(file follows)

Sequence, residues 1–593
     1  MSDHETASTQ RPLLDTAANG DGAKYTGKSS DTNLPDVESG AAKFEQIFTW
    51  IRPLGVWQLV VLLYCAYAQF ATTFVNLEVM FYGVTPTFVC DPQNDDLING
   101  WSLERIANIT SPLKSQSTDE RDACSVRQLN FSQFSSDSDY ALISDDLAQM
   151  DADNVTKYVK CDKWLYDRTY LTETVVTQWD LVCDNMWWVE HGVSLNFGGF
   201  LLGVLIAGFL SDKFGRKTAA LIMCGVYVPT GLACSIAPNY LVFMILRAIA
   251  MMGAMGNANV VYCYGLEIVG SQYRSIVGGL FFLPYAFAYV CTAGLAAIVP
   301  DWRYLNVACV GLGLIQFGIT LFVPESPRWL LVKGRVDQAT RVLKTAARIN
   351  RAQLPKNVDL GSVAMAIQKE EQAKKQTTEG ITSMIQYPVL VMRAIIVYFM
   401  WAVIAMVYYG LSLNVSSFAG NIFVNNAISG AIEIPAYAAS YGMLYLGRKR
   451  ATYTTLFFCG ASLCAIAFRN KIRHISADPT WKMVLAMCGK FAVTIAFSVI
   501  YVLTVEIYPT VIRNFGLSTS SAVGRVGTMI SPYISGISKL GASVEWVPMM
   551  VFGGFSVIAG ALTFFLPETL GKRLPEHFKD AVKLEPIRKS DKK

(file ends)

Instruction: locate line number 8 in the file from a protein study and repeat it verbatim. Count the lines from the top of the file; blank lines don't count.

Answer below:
   301  DWRYLNVACV GLGLIQFGIT LFVPESPRWL LVKGRVDQAT RVLKTAARIN